14I choose this example because it is one used by Nancy Cartwright in her famous paper “Causal Laws and Effective Strategies”. In that paper Cartwright does advocate a simple frequentist account of probability, but the point of her argument is to show that the “other conditions” needed to rule out spurious correlations cannot be captured within the constraints of Humean . Extending the view and arguments in subsequent works (esp. (1989)), Cartwright later appears to advocate a form of irreducible singular probabilistic causation (one of the irreducible fundamentalist views mentioned earlier). For some problems with her 1983 arguments, see Hoefer (2004). 12 strengths. The former sort of account claim will claim that it is true in general that P(E|C) > P(E|-C), at least in a range of contexts where other causal factors for E are held fixed; and for at least one (perhaps more, perhaps for all) clearly expressible type of causal set-up, there is a determinate probability x for the production of the effect.15 We can use another cliché’d example here, such as: P(lung within 10 years|smoke 2 packs a day) = 0.232.16 Or, to return to our matches: P(lights|brand X, dry, no wind, strike-strength L) = 0.5. In general: P(E|Full-C) = x. Unfortunately, in a world of micro-determinism, the sensitivity of outcomes to particularities of the micro-level initial and boundary conditions is in conflict with the hoped-for stable strength of the causal capacities. Both the enemy from within and the enemy from without are relevant here. Take the latter sort of problem first. If there are enough microscopic black holes whizzing through space, and if they happen to frequently collide with match-heads as they are being struck, the rate (actual frequency) at which striking will produce a lit match may be different than what it would be with few or no such collisions.17 But we don’t need exotic things like black holes; micro-gusts of wind will do just as well. The moral here is that the actual frequencies of E-outcomes after C-conditions may depend on a lot of factors and influences extrinsic to what we normally take to be the relevant parts of the C-conditions. As we saw in discussing the problems for Mackie’s analysis, it may be unrealistic to suppose that there is, in principle, a completable list of factors that should be excluded. In other words, “Full-C” probably does not exist, in most cases. But let’s suppose that we are allowed to stipulate a proper-shielding condition that takes care of such unwanted influences; the actual frequencies may indeed fluctuate, and fail to be “right”, when such influences are operative. Then the account of probabilistic causation we are looking at claims that, for systems properly shielded, when C obtains there is a definite, objective probability of E being produced – the “true” probability, as opposed to the actual frequencies that may obtain in our improperly shielded world. Here the enemy from within strikes, undermining the notion that any such “true” probability P(E|Full-C, Shielding) really exists. We know that in general, it is the actual micro initial conditions and boundary conditions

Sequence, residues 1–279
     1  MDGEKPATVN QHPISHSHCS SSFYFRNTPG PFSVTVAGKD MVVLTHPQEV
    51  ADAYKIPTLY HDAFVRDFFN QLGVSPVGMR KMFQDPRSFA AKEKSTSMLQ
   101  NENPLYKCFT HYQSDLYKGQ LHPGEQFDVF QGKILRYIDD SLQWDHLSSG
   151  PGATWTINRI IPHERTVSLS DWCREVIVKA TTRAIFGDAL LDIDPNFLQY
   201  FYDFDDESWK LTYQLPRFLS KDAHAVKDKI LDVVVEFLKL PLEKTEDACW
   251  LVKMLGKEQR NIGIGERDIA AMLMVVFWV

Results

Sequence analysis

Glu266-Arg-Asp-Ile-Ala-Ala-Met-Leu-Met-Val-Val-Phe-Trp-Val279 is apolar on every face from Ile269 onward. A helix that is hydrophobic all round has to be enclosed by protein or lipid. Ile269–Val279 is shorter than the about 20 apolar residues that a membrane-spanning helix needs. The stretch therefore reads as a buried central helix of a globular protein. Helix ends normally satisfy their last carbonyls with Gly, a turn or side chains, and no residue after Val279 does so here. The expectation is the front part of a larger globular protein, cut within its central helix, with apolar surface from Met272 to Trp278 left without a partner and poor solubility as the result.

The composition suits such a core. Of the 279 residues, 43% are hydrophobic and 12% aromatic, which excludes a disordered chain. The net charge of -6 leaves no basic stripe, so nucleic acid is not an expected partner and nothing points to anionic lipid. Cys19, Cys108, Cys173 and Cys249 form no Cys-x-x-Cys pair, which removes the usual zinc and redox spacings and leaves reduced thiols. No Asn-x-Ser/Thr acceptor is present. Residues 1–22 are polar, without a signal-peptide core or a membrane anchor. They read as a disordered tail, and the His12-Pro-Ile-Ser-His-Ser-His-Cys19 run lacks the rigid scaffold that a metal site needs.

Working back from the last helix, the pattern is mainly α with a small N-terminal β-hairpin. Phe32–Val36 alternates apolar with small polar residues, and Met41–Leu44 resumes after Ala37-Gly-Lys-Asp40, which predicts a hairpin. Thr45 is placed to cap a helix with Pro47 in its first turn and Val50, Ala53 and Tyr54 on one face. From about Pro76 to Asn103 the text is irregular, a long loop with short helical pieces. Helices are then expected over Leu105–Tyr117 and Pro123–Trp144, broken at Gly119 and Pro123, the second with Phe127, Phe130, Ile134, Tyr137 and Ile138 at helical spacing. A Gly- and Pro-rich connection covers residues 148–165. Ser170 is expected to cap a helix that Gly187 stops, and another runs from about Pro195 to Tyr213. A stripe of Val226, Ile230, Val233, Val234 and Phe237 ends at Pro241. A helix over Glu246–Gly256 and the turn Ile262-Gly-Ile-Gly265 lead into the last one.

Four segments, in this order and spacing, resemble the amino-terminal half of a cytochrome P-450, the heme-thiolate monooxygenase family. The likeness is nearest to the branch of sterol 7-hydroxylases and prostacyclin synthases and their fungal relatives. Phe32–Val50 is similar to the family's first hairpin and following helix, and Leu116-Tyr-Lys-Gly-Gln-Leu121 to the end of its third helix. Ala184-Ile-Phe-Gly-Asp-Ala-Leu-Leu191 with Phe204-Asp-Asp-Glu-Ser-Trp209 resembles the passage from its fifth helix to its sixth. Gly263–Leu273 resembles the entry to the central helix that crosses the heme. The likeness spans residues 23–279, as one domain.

15What we have in mind here is something like one of Mackie’s US conditions, but now instead of being sufficient for the ensuing of the effect, the set of conditions is sufficient to produce E, with objective probability x.

16The number here is made up, so smokers need not panic. On second thought, they should go ahead and panic.